He spoke and rais'd the veil! And ask'st thou what
Unto the sacrilegious gaze lay bare?
I know not--pale and senseless, stretch'd before
The statue of the great Egyptian queen,
The priests beheld him at the dawn of day;
But what he saw, or what did there befall,
His lips reveal'd not. Ever from his heart
Was fled the sweet serenity of life,
And the deep anguish dug the early grave
"Woe--woe to him"--such were his warning words,
Answering some curious and impetuous brain,
"Woe--for her face shall charm him never more!
Woe--woe to him who treads through Guilt to TRUTH!"
Ah, from this valley's grounds
that cold mists are pressing,
if I could only find a way out,
ah, how lucky I would feel!
Over there I glimpse pretty hills,
ever young and ever green!
If I had flight, if I had wings,
I would float over to those hills.
Harmonies I hear tinkling,
tones of sweet, heavenly peace;
and light winds bring
to me the scent of balsam.
Golden fruit I see glowing,
beckoning between dark leaves;
and the flowers that bloom there,
will never become Winter's prey.
Ah, how fine it must be to wander
there in eternal sunshine,
and the air on those heights -
O how refreshing it must be!
Yet I am stymied by the charging river,
that roars between us in rage;
its waves are so high
that my soul is horrified.
I see a small boat rocking there,
but ah! the ferryman is missing.
Go briskly to it and without hesitation:
his sails are ready.
You must believe, you must dare it,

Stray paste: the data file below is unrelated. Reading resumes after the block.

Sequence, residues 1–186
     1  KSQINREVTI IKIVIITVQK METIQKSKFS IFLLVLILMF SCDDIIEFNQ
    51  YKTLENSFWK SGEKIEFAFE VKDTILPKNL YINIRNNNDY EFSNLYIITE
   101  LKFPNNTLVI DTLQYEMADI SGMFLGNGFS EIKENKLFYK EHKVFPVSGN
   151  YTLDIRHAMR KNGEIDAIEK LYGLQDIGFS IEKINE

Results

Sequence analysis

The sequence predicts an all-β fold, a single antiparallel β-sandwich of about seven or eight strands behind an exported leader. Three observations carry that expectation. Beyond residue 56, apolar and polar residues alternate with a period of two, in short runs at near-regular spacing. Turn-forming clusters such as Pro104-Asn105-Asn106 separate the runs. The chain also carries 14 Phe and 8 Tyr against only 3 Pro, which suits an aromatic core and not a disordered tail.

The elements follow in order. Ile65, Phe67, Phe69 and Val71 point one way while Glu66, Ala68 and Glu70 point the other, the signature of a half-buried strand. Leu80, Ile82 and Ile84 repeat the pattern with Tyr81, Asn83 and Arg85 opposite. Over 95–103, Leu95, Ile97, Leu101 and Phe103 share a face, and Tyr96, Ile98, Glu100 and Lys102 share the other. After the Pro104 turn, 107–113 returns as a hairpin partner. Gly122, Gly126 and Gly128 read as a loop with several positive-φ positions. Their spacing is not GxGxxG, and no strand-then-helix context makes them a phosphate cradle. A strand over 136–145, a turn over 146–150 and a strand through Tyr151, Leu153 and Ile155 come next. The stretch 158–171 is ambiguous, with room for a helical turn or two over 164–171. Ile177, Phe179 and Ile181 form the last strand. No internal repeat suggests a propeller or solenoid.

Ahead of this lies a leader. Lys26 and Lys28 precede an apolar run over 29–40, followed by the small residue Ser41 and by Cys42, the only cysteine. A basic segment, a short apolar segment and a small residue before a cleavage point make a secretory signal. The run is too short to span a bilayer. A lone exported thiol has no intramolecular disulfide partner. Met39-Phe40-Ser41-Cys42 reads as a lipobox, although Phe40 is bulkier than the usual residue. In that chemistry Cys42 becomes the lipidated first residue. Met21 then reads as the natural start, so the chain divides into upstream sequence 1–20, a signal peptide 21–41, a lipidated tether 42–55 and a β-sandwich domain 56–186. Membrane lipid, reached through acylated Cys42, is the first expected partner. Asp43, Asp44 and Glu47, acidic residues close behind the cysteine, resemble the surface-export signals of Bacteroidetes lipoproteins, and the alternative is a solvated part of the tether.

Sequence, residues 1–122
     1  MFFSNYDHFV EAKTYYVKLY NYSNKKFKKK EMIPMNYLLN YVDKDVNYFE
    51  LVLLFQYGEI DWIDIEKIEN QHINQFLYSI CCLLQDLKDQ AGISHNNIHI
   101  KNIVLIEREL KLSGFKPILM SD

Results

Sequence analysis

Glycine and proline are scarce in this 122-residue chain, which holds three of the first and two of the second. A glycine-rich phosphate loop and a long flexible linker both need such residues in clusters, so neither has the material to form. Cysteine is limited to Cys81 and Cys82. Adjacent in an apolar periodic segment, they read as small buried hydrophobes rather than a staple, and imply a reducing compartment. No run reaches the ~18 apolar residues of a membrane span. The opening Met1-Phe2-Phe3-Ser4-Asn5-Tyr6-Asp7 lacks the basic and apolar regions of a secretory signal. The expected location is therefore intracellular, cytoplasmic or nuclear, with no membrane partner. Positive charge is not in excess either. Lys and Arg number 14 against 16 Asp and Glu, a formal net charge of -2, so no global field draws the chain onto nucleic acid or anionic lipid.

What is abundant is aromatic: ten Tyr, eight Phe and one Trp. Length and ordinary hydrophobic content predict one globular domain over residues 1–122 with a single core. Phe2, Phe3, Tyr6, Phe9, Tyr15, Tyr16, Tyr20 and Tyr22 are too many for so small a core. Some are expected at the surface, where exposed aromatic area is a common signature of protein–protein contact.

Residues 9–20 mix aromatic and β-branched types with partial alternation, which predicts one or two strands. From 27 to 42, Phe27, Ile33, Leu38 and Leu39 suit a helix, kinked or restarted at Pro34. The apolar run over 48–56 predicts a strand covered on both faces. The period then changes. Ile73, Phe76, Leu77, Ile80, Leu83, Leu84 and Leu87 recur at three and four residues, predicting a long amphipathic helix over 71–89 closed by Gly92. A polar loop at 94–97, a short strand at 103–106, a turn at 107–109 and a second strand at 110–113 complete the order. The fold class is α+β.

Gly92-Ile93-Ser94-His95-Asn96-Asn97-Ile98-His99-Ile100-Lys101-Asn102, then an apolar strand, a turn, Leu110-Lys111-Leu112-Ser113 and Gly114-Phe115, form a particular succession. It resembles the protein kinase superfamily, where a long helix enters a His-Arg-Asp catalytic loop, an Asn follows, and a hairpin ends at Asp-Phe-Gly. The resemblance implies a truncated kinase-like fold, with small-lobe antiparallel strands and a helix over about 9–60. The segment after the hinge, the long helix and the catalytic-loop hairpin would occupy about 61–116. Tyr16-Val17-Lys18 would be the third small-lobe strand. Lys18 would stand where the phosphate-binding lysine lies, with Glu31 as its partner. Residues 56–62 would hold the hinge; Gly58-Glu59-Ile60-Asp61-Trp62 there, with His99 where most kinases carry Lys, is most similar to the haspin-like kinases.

for the Gods make no pledges.
Only a miracle can carry you
into that fair land of wonder.
PARTITION OF THE EARTH
When Jove had encircled our planet with light,
And had roll’d the proud orb on its way,
And had given the moon to illume it by night,
And the bright sun to rule it by day;
The reign of its surface he form’d to agree
With the wisdom that govern’d its plan;
He divided the earth, and apportion’d the sun,
And he gave the dominion to man.
The hunter he sped to the forest and wood,
And the husbandman seized on the plain;
The fisherman launch’d his canoe on the flood,
And the merchant embark’d on the main.
The mighty partition was finish’d at last,
When a figure came listlessly on;
But fearful and wild were the looks that he cast
When he found that the labour was done.
The mien of disorder, the wreath which he wore,
And the frenzy that flash’d from his eye,
And the lyre of ivory and gold which he bore,
Proclaim’d that the poet was nigh;
And he rush’d all in tears, at the fatal decree,
To the foot of the Thunderer’s throne,
And complain’d that no spot of the earth or the sea
Had been given the bard as his own.
And the Thunderer smiled at his prayer and his mien,
Though he mourn’d the request was too late;
And he ask’d in what regions the poet had been
When his lot was decided by fate.
Oh! Pardon the error, he humbly replied,
Which sprung from a vision too bright;
My soul at the moment was close at thy side,
Entranced in these regions of light.
It hung on thy visage, it bask’d in thy smile,
And it rode on thy glances of fire;
And forgive, if, bewilder’d and dazzled the while,
It forgot every earthly desire.
The earth, said the Godhead, is portion’d away,
And I cannot reverse the decree;
But the heavens are mine, and the regions of day,